Real-time database systems have transactions that should be executed with real-time constraints in the form of deadlines. The primary objective of real-time transaction management is to maximize the number of transactions that meet their deadlines. A priority cognizant algorithm is the most general conflict resolution mechanism in synchronizing real-time transactions. To resolve conflicting transactions, real-time concurrency control algorithms should not only consider data consistency, but also priority, which implies deadline, of individual transaction.
In this thesis, we propose a multiversion concurrency control algorithm for real-time transaction processing. Based on a priority cognitive algorithm commonly used in real-time processing, the algorithm resolves data conflicts among conflicting transactions in favor of the urgent transactions, i.e., those with higher priority. The proposed algorithm increases the degree of transaction concurrency while minimizing the transactions that miss their deadlines. This is achieved by using the notions of precedence relationships and multiple versions. By using multiple versions, a transaction can produce a new version on even the data object being read by another transaction, i.e., resulting in increased transaction concurrency.
In the algorithm, a precedence relationship that implies a serialization order among conflicting transactions is utilized to reduce unnecessary abortions and provide early abortions of eventually discarded transactions. Although our algorithm gives superior service to transactions with higher priority, it may attempt to resolve data conflicts in favor of a transaction with lower priority by considering the amount of the work done by the transaction.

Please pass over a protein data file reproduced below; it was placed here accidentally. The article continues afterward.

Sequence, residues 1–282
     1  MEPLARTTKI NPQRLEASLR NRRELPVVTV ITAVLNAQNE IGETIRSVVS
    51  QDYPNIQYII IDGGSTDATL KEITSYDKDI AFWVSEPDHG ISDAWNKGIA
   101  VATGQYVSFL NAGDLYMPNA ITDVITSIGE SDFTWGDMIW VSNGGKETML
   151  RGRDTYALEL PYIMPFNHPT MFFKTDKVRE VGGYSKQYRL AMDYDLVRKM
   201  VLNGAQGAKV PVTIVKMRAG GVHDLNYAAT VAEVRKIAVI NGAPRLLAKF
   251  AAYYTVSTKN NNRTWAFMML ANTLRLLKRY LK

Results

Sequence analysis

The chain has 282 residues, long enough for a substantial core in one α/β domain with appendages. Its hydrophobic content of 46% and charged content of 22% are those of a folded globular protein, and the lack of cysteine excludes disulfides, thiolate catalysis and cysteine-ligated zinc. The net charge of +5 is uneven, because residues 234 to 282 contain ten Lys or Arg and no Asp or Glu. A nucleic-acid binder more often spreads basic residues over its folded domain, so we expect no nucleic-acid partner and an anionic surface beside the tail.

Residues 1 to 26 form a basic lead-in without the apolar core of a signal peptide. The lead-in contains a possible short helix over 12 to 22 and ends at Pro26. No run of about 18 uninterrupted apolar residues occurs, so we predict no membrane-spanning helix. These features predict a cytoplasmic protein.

We extend the multiversion concurrency control algorithm for real-time active databases. Transactions in real-time active databases have the notion of activeness where transactions are generated by external effect and another transactions. Active transactions are mainly characterized by triggering relationships, which mean relations between a transaction that issued another transaction and the generated transactions. In this thesis we suggest two types of data conflicts according to whether triggering relationships are related to the same triggering group or different triggering groups. The proposed algorithm resolves data conflicts by considering these triggering relationships between conflicting transactions as well as priorities and precedence relationships of them. Finally, we evaluate the performance of the proposed algorithm for real-time databases, comparing other real-time concurrency control algorithms. The experimental results show that the proposed algorithm performs better than compared algorithms all over the range of system load.